By drawing a series of golden rectangles nesting inside each other, and connecting the centres of the squares with a line (it will curve), we can see how the infinitely expansive spiral galaxy is based on the proportions of the Golden Ratio. This proportion makes a beautiful appearance in Western music, whose musical scale consists of 8 notes with the fundamental chord, the triad, consisting of three pitches that fuse their sound: Two pitches are a perfect fifth apart and a third pitch is a major or minor third lower.
This Georgian home in Britain shows barely a hint of Palladio's balanced three-part or five-part profile. The temple facade is faintly echoed by the slender and unobtrusive pilasters and the modest pediment above the door.
The Golden Section also appears in the relationship between the width and length of Georgian house exteriors, rooms, and windowpane sizes and in the proportions of the delicately shaped iron staircases that spiral inside houses.
Staircase. Perfection. Just a line, and a curve, and another line, and another curve. In short, a Georgian staircase. When one has said this, one has said all that is necessary to say.
We know exactly what he means - we've seen it - but we can't find a photo to do that staircase justice.
Robert Adam (1728-1792) occasionally used white and black to dramatic effect, as here at the great hall at Syon House, but his preferred palette was pastels and rich reds, blues, and golds. The red drawing room at Syon House is flamboyant. Robert and his brothers James and John designed wall and ceiling treatments, tables, chairs, commodes, mirrors, sconces, and even beds.
Colours - lots of them - and dancers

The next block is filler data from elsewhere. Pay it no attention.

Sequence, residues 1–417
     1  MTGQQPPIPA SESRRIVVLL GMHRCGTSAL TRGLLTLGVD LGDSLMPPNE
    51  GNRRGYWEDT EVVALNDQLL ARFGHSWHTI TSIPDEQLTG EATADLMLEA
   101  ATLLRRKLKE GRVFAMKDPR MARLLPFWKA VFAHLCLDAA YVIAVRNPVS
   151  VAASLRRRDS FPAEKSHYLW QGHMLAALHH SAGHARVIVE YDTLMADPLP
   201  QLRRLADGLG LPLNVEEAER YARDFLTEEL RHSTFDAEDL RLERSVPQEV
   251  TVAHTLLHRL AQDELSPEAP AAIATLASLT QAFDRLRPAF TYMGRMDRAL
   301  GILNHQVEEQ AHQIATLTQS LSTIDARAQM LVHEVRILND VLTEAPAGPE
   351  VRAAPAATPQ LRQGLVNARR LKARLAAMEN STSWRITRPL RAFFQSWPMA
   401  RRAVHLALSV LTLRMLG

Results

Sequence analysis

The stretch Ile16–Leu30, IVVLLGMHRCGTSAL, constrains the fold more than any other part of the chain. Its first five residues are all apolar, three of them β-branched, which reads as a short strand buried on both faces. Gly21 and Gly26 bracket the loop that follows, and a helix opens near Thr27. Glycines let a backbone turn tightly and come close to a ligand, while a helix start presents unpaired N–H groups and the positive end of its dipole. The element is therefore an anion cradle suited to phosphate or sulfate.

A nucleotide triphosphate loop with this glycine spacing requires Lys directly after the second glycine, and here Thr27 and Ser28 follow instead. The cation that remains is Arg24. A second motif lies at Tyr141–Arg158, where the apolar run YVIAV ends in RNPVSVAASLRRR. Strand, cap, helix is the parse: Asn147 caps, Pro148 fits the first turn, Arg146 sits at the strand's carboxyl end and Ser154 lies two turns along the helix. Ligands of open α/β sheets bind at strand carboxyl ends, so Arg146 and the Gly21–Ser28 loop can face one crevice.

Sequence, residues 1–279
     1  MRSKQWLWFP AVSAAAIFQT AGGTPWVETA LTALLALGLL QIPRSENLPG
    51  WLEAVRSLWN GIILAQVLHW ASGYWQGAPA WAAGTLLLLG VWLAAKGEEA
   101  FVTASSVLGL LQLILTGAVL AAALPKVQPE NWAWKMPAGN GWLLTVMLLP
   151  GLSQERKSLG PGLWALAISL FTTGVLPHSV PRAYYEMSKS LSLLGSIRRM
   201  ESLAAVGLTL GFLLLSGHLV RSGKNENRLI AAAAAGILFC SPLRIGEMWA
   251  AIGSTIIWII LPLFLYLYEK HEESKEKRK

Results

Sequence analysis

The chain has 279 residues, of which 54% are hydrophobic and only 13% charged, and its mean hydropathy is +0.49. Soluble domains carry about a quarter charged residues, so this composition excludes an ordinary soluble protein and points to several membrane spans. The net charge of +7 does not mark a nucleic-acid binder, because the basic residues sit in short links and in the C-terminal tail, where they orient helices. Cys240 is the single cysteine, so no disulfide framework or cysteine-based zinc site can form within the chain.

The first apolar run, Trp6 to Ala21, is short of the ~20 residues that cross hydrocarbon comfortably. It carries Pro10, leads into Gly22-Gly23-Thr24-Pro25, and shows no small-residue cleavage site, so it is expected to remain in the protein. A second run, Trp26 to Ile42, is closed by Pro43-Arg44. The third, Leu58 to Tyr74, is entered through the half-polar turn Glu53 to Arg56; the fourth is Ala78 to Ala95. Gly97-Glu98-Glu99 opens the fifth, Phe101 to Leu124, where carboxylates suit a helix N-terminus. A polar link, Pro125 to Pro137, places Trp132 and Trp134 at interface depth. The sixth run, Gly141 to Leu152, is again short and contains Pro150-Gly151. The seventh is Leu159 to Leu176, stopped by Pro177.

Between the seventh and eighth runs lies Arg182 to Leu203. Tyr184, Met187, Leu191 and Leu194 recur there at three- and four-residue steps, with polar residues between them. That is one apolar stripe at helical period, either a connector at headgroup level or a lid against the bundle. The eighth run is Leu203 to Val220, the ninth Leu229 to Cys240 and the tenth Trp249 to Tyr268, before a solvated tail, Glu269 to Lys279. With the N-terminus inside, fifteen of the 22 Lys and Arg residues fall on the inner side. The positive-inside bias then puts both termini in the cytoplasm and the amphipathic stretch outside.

An Adam design for the mirror room at Northumberland Place. The Georgians loved colour.
In the hands of the Adam brothers, the subtle and enthralling music of Georgian interiors can be seen in the counterpoint of floor patterns and ceiling designs, the rhythms of wall, door, window and hearth decorations, and the sinuous solos of tables, chairs and sofas. Georgian rooms naturally suggest music. They were designed to hold dancers.
Guests walked into a hall that spanned the length of the house, and gave easy access to every room, creating the circulation necessary for the dances and routs of which they were so fond. The furniture - beautiful but there was a minimum of it - was pushed back against the walls. It was moved into a room when it was needed and returned to the walls at night, a convenience when they holding exuberant balls.
We would say more about the furniture, but that deserves a file of its own.
Living in a Georgian house
Georgian rooms were painted in pale lime green, apricot, ruby red, brilliant blue and celadon. It is said that the trick is to stipple the colour on the walls with artist's oils, and wash it with a darker scumble glaze that intensifies the underlying colour. When light pours in through the tall, deep-set Georgian windows, the colours become translucent.
This room is furnished quite differently from an original Georgian. For one thing, there are less dancing possibilities. The cornice molding of Ionic dentils and the height of the white ceiling create a sense of airiness. The dog makes us feel at home.
Living in a Georgian house requires some funds, but that is always the case with civilisation - even at its simplest it requires money. (Living without civilisation requires lives.) In the case of the Georgians, living required bold men willing and able to take ships round the world.
Even middle-class Georgians depended on servants to wash and cook and haul coal to the fire. As the Ingenious Timeline shows, Georgian and Victorian inventors freed us from using servants for these tasks. Like Georgian designers, British inventors will look for beauty, function, and structure, and find their most significant insights in nature and numbers.
Georgian architecture balances competing interests to create stability and light, harmony and pleasure.
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BRITISH ARTISTS ONLINE
Stratton describes the mathematical principles that create a luminous unity in classical architecture.
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Versaci's text and photographs show you traditional design principles integrated with modern needs.
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A brilliant book about all things Georgian published by the National Trust for Historic Preservation.
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. . .he may be standing in a Geeorgian doorway, and the sun may shine on it, and he may look up and suddenly perceive that he is standing in a frame that is as perfect as a melody by Mozart. ~Beverley Nichols, Merry Hall